This third day of April, in the Year of Our Lord Two Thousand and Twenty, was, in the long and storied history of our island nation, not our finest hour.
It was by any yardstick for the public health, public order and good governance of Barbados an unmitigated disaster.
Indeed, if human behaviour is what turns hazards into human disasters, then unknown thousands of Barbadians may have triggered a viral disaster in which weeks of ordinary social intercourse were concentrated in several hours of chaos, confusion and disorder.
Weeks of best efforts at social distancing to contain a raging contagion which, by every account in our receipt, is leading to a wave of death and severe illness, were dashed because the order was given to close all supermarkets for two weeks – in 24 hours.
It may well be written one day that never in the course of our island history have so many done so much harm to so many more in so few hours.
Today cruelly exposed the dangerous limitations of politics intersecting with public health, and economics versus epidemiology.
Indeed, it could have gone another way.
And not for the first time but on a rare occasion we think it prudent to give this space to another voice not a member of our editorial board.
Perhaps, at the next meeting with “stakeholders” – people with vested interests in the outcome of their deliberations with the Government – the ministerial task force would do well to take in the perspectives of those willing to think beyond the boundaries of their job descriptions.
Such a voice of reason we have found in the president of the Barbados Economics Society, Simon Naitram, who a week ago warned that we should move to safeguard human lives rather the economic bottom line. Yes, an economist said so – for what economic recovery is possible if, to borrow from John Maynard Keynes, in the long run, we are all dead?
We reproduce from his blog – simonnaitram.com – without his permission but in the public interest, and your right to know, his commentary on a day we would sooner forget but which we may well live to regret:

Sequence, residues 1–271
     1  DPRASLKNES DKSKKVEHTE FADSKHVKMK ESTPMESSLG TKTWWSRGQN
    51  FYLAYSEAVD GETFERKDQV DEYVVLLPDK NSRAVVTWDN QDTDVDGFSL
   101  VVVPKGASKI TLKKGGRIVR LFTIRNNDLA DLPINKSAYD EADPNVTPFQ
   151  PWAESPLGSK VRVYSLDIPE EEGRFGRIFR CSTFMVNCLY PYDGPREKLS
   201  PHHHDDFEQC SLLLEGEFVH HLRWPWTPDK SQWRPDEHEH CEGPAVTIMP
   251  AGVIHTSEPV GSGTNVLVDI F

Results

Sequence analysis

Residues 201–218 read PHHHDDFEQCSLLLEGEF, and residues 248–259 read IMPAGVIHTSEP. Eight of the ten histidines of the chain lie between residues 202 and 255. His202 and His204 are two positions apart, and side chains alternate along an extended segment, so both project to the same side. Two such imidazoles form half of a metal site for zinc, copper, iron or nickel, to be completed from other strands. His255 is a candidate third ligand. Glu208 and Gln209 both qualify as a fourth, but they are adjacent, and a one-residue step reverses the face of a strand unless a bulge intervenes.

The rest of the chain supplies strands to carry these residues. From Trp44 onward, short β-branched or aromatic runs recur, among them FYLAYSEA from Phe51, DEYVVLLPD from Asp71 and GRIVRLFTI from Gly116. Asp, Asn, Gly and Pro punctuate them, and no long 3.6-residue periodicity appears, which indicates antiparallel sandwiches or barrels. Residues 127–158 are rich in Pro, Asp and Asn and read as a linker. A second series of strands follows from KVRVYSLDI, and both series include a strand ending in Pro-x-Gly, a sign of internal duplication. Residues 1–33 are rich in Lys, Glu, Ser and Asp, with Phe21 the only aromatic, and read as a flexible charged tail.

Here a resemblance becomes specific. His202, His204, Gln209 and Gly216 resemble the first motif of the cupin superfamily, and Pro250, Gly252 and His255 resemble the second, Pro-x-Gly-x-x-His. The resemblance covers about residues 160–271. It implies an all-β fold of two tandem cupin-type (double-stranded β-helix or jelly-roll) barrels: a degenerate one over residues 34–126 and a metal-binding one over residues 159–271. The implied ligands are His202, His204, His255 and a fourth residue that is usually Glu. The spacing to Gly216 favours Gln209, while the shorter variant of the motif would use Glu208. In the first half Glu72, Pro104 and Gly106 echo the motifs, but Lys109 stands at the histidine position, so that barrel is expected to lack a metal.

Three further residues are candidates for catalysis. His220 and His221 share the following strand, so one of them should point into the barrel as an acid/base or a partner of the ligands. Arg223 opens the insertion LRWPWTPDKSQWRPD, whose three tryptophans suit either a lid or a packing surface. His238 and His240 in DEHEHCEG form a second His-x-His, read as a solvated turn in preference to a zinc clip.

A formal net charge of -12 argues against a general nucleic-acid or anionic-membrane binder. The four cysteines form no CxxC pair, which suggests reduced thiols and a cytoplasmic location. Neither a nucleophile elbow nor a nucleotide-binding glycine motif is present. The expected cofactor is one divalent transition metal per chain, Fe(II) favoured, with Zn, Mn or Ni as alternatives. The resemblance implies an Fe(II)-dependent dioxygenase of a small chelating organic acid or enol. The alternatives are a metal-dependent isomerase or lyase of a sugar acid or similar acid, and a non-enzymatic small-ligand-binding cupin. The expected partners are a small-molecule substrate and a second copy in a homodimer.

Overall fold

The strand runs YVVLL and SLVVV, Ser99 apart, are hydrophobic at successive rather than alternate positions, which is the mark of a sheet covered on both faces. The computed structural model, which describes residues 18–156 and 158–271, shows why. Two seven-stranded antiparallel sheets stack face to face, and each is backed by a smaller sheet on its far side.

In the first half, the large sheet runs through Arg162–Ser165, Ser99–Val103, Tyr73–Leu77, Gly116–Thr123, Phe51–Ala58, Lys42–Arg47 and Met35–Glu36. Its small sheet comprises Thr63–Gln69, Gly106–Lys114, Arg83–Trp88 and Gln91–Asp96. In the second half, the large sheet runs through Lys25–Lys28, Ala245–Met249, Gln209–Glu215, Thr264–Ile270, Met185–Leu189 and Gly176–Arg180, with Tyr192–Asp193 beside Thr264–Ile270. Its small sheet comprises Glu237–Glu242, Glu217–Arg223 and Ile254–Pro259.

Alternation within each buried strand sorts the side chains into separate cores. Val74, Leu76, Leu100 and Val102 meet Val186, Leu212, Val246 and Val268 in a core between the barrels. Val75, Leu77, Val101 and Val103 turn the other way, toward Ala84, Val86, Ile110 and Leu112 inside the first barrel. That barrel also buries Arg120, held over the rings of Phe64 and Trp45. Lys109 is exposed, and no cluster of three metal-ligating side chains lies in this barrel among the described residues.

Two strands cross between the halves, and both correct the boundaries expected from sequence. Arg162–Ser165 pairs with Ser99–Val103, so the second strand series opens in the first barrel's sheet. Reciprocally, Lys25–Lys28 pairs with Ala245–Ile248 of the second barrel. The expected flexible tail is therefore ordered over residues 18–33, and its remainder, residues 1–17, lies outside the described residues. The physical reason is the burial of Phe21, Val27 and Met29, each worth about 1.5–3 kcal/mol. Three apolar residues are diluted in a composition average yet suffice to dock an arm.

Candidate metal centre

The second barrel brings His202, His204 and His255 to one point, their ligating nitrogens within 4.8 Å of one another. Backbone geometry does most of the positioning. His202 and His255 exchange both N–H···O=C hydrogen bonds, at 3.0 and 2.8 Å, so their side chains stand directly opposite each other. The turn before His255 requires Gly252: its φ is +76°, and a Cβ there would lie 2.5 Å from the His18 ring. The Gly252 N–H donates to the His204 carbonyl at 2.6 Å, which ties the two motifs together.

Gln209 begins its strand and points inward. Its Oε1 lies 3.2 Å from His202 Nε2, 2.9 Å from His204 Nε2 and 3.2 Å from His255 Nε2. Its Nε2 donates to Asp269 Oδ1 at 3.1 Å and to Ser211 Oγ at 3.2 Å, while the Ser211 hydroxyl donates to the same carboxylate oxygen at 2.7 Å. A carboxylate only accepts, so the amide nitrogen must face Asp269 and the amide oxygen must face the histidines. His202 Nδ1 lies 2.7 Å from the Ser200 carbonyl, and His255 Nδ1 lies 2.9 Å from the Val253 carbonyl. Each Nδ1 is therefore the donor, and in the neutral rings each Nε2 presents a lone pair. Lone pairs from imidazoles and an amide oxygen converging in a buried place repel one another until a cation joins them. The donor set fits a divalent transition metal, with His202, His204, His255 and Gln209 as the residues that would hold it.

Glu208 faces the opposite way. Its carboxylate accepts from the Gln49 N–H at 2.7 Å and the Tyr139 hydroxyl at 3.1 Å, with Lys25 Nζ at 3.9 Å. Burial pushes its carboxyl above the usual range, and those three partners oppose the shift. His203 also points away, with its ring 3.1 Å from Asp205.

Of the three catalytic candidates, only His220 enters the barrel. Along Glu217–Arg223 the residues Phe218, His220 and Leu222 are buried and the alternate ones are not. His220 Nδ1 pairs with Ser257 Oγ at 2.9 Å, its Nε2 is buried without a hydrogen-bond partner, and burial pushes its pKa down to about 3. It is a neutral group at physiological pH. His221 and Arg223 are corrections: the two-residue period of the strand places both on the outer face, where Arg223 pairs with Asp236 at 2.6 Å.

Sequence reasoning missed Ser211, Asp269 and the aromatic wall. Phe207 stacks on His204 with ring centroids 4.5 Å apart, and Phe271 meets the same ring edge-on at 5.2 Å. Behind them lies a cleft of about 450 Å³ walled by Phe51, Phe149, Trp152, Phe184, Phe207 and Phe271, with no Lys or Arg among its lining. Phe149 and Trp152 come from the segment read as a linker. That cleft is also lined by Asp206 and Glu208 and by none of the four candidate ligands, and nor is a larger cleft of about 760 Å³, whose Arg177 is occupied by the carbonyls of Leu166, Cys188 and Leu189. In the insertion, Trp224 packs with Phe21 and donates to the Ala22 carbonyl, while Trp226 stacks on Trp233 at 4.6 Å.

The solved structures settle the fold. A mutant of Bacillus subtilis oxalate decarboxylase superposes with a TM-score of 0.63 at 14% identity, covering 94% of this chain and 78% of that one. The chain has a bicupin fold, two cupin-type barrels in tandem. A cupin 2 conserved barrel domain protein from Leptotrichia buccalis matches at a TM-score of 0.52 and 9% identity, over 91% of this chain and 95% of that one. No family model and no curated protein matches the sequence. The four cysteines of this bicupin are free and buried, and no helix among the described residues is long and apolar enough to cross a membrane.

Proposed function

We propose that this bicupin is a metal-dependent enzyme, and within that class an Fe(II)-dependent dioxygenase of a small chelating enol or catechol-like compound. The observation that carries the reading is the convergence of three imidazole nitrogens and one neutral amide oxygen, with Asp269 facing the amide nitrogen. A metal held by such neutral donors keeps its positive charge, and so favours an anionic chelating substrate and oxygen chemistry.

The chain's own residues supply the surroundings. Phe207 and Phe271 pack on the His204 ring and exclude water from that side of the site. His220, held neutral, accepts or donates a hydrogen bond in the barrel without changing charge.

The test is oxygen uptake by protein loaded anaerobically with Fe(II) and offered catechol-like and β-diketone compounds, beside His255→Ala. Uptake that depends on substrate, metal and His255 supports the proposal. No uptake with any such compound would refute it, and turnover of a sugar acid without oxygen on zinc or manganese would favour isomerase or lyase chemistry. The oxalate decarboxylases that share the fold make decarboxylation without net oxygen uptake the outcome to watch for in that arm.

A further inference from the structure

Simon Naitram: Some simple economics of shopping
Here are some simple policy economics of shopping. We’re facing a public health crisis and the aim is to get people to stop gathering in small spaces. Supermarkets are a major bottlenecks for crowds.
So our first instinct might be to limit the number of people in the supermarket. Does that work?
Let’s guess that one person shops for two people and they go to the supermarket every week. This gives around 150,000 shoppers on average per week.
Rough calculations mean I’d expect around 60 people on average in each supermarket per hour each day. If you limit each supermarket to 25 shoppers per hour, that means you have an excess of around 35 each hour. In four hours you’d have an excess of 140 people waiting outside. You immediately get the exact opposite result of what you wanted. Instead of bunching inside, people bunch outside.
Okay, second option. What if we limit the hours supermarkets can open? Does that work?
If you reduce opening hours to six hours a day, then instead of 70 people in the supermarket each hour, you end up with an average of 120 people in the supermarket each hour. Now people are bunching inside!
Third option: let’s close the supermarkets. How do we even do that?
People smooth their consumption. That is, we buy groceries often. We don’t shop once for the entire year unless you’re on a tuna and Sodabix diet. So people need to shop every week or so.
You now have two options of how to close the supermarkets. Either you announce that with immediate effect, all supermarkets are closed. Or you announce that supermarkets will be closed from some future date onwards.
In the first case, no one has any chance to do any extra shopping. You perfectly stop any social gathering. But you would have to provide some alternate means of people getting food. For example, you could announce that all supermarkets will be closed to customers but will be doing deliveries. That way you don’t get a riot.
If you announce that supermarkets will close in a day or two, then people have a chance to respond. If there’s even a small chance that you won’t be able to get groceries over the coming weeks, then everyone needs to do a lot of shopping immediately. Now you end up with around 250 people per hour in each supermarket.
Final option: lengthen opening hours. This sounds completely wrong, right?
If everyone knows the supermarkets will be open for 24 hours per day for the next two weeks, there’s no reason to go to the supermarket right now. According to our simple calculations, you’d actually get 30 shoppers per hour on average. Tada! You’ve just about met your social distancing goal.
Policy can be counterintuitive, and it’s important to think through how people will respond to your policies. Sometimes we miss the unintended consequences of policy decisions, and it’s important we have as many perspectives as possible so we catch all the possible outcomes,
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